The forest change data displayed on GFW (such as UMD/Google tree cover loss and FORMA alerts) do not necessarily distinguish the quality of the forest management (e.g., sustainable or unsustainable), the legality (illegal or legal), or the cause (e.g., natural or human) of forest change events. For example, the forest change data available on GFW will include forest change from tree harvesting, fires, pests, and forest clearing for agriculture.

However, contextual data available on GFW can help users draw more informed conclusions about the nature and drivers of forest change events. For example, users can overlay forest change data over the protected areas layer to flag areas of potential concern. Or users can pull up satellite imagery base maps to look for “burnscars,” “blowdowns,” logging roads, and so on.


What kinds of data are available on Global Forest Watch?

GFW seeks to bring together the most current, reliable, and robust data to monitor forest change around the world. GFW incorporates and integrates a wide range of data sets that can be overlaid and compared, including:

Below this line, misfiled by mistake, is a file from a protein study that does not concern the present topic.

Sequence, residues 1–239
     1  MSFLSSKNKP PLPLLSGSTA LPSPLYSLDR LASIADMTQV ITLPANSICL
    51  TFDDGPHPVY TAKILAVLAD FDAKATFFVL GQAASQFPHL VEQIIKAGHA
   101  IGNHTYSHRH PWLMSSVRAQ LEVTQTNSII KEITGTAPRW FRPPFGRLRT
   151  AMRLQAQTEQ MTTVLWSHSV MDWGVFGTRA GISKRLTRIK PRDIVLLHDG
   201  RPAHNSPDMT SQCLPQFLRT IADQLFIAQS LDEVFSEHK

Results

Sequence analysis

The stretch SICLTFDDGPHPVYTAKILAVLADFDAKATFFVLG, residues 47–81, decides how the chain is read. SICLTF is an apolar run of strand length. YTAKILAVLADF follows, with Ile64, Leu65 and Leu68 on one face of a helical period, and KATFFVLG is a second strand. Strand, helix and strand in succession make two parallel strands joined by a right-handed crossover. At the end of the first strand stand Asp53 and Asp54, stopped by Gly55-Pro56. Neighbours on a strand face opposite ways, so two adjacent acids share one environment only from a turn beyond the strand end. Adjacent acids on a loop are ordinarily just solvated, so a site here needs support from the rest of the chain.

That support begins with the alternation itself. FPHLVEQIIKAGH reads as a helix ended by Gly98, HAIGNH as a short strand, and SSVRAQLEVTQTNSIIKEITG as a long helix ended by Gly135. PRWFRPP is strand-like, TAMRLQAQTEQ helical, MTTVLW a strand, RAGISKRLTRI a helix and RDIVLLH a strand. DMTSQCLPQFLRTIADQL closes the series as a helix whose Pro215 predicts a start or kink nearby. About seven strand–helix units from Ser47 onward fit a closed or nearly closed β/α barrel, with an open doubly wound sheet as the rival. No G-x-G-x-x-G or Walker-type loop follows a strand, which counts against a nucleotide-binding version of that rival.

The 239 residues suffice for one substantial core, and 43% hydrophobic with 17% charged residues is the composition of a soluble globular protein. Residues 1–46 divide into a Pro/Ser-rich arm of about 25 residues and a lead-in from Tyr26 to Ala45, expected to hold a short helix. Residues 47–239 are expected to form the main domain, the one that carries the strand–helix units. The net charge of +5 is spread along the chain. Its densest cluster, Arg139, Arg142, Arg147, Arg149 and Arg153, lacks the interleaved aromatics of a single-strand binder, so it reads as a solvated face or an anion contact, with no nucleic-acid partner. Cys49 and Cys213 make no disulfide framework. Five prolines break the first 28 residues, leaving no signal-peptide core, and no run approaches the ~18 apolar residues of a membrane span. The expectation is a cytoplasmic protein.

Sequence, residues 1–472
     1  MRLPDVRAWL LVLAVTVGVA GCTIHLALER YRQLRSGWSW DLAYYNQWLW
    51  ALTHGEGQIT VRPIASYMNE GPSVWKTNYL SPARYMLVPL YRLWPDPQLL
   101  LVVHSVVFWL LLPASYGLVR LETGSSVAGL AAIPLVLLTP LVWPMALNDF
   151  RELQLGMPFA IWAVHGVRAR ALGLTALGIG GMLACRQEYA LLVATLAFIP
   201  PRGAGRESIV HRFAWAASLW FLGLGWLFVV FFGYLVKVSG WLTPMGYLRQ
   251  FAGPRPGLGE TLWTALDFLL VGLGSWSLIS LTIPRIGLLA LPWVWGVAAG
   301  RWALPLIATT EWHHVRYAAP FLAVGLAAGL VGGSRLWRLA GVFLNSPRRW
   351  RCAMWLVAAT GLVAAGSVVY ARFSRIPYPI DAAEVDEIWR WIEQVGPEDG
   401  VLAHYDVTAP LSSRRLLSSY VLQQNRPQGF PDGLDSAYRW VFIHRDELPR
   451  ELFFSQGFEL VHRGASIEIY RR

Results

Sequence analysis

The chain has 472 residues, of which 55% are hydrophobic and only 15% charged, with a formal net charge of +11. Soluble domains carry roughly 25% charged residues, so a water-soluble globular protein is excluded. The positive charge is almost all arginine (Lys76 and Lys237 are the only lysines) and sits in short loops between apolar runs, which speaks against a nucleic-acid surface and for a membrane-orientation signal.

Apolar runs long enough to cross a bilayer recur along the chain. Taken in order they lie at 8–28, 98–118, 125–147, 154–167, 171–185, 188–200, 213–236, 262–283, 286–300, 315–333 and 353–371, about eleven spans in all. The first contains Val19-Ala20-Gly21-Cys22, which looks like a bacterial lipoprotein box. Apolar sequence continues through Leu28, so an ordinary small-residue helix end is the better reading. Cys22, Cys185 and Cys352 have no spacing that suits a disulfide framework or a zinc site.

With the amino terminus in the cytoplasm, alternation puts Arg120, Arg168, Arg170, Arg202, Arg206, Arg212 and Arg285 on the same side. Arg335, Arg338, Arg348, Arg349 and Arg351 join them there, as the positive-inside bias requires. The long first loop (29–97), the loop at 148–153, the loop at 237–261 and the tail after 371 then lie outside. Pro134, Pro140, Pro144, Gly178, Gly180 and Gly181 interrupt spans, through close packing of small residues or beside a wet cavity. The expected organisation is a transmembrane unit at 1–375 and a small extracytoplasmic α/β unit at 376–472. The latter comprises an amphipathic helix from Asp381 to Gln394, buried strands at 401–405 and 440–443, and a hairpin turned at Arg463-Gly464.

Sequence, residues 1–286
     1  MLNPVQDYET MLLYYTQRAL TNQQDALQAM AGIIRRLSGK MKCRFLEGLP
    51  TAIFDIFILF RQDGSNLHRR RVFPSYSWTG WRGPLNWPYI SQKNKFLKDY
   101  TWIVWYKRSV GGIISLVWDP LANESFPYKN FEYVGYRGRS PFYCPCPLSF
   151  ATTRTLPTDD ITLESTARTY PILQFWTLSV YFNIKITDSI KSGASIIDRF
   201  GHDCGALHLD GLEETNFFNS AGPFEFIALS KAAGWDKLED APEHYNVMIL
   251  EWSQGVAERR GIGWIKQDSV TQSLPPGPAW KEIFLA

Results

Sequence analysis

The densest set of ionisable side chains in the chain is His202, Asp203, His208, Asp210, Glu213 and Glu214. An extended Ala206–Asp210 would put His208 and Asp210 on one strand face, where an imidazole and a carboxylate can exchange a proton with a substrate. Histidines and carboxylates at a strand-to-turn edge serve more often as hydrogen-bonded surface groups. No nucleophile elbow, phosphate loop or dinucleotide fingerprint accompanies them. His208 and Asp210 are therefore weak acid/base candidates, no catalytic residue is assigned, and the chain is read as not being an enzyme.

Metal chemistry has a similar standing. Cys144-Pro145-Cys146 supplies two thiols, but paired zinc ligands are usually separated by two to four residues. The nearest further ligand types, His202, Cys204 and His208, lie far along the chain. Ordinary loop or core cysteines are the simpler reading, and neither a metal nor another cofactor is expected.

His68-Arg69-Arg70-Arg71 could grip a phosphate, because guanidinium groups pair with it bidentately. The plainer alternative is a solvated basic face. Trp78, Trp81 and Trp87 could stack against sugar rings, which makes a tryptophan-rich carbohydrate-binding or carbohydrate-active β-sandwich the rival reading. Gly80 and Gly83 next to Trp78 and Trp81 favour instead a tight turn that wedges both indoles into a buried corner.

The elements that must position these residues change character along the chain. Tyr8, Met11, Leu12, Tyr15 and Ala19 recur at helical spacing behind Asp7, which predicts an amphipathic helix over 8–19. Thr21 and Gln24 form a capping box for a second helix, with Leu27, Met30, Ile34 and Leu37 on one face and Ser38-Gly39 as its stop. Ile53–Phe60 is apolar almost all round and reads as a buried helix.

• Forest change data, such as global forest change data from the University of Maryland, near real-time FORMA alerts for the humid tropics, SAD alerts for the Brazilian Amazon from Imazon, quarterly vegetation change data from NASA, and others
  • Forest cover data, including the extent of tree cover in 2000, intact forest landscapes, and pantropical carbon density
  • Forest use data, which includes contextual information, such as concession areas for natural resource extraction or agricultural production
  • Conservation data, such as global boundaries for protected areas and biodiversity hotspots
  • Qualitative and anecdotal data, such as user-submitted stories (submit one here)
  • People data, including community land boundaries and land tenure rights (coming soon)

By monitoring changes tracked by these data sets over time, users can better understand drivers and patterns of forest loss worldwide.

See our Data page for more detail. To contribute or suggest data, please email us.

Where do the data come from?

The data on GFW come from various sources. Most of the data are in the public domain and have been developed by governments, NGOs, research institutions, or companies. Note that the data come in different formats and vary in their accuracy, timeliness, and geographical extent. See GFW’s Data policy for more details.